Interglobe Aviation, the company that owns IndiGo airlines – the country's largest airline by market share – reported a whopping 294.5% y-o-y increase in net profit.
Interglobe Aviation, the company that owns IndiGo airlines – the country’s largest airline by market share – reported a whopping 294.5% y-o-y increase in net profit to Rs 551.55 crore for the quarter ending September 30 on the back of substantial jump in revenues and overall improvement in yields due to the efficient cost management and compensation received from engine-maker Pratt and Whitney for grounding of the A320 Neo aircraft. As a result, the airline beat Bloomberg’s profit estimate of Rs 320.8 crore for the quarter. The second quarter in the fiscal is generally healthy for the airlines owing to the festive season that starts from August. The revenue during the period increased by 26.9 % y-o-y to Rs 5,290.9 crore. The operating profit, or the EBITDAR (earning before interest, tax, depreciation, amortisation and rentals), increased by 61% y-o-y to Rs 1,581.1 crore.
In terms of expenses, the Gurgaon-based airline saw its fuel cost increase by 6.1% y-o-y to Rs 1,647.25 crore while the aircraft rentals also spiked by 6.1% to Rs 819.25 as a result of the 18% GST paid by the airline on the repair and maintenance of the engines. Other expenses during the quarter also increased by 31.62% y-o-y to Rs 1,455 crore. The yields – measure of an airline’s profitability – improved by 8.9% y-o-y to Rs 3.97 per kilometre while the revenue per available kilometre (RASK) improved by 12.6% y-o-y to Rs 3.52 per kilometre. Indigo’s total capacity improved by 14% to 15.1 billion ASKs (average seat kilometre). “In the Q2 of the last fiscal, we started matching the competition but we could not do it optimally. Subsequently, we put in a team for efficient revenue management and for managing the operations. We also took proper corrective measures. Hence there has been an improvement in yields based on the corrective measures taken but we do not see this kind of improvement in RASK, going forward,” said Aditya Ghosh, president and whole-time director, Indigo.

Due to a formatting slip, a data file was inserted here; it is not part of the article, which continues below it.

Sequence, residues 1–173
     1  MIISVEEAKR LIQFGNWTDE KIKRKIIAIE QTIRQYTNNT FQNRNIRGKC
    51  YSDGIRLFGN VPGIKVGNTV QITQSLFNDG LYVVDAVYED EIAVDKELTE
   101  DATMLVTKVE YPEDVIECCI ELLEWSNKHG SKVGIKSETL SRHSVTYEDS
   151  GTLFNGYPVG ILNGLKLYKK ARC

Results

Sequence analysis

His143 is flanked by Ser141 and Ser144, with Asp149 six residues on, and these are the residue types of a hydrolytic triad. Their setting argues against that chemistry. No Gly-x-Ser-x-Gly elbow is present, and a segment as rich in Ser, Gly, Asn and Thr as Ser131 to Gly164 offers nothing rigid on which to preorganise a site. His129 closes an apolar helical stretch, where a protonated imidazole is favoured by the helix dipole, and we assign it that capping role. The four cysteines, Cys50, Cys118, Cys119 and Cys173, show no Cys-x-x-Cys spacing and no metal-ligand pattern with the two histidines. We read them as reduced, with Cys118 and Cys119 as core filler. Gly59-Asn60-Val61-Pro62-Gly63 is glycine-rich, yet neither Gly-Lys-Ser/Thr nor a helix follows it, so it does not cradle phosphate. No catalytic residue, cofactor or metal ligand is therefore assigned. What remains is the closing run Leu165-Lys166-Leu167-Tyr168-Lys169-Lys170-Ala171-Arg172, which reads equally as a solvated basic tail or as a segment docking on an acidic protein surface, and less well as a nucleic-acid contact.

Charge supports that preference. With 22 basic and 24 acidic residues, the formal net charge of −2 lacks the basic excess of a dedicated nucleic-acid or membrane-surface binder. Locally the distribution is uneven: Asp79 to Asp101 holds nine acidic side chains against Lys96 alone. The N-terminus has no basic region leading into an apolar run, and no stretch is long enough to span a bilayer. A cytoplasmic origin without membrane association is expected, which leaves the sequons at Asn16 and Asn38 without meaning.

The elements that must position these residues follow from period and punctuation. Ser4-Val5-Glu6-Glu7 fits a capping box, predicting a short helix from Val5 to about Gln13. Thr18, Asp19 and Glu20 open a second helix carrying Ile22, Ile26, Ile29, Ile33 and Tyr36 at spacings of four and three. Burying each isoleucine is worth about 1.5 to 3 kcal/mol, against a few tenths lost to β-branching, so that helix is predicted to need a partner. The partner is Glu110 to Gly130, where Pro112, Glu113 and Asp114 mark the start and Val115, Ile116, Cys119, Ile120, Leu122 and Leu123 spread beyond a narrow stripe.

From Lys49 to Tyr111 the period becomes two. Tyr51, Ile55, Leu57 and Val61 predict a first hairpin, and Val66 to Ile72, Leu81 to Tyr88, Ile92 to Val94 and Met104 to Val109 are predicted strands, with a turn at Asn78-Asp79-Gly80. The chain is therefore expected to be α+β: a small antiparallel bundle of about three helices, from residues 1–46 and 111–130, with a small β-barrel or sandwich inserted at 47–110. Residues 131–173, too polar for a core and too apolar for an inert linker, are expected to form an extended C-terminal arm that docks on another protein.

After the implementation of the goods and service tax (GST), airlines have to pay 18% GST on the maintenance of aircraft engines and it may have an adverse impact on the financial heath of the airlines as it is way higher than what it was in the pre-GST period. IndiGo also received compensation from Pratt and Whitney for the grounding of the aircraft and the airline is trying to source spare engines to fly most of its A320 Neo planes. “We are making sure that we have enough spare engines. If we have enough spare engines, the planes will be able to fly and things will be fine thereafter. Going forward, our profitability will not improve once this problem gets resolved since we are getting compensated by Pratt and Whittney,” explained Ghosh.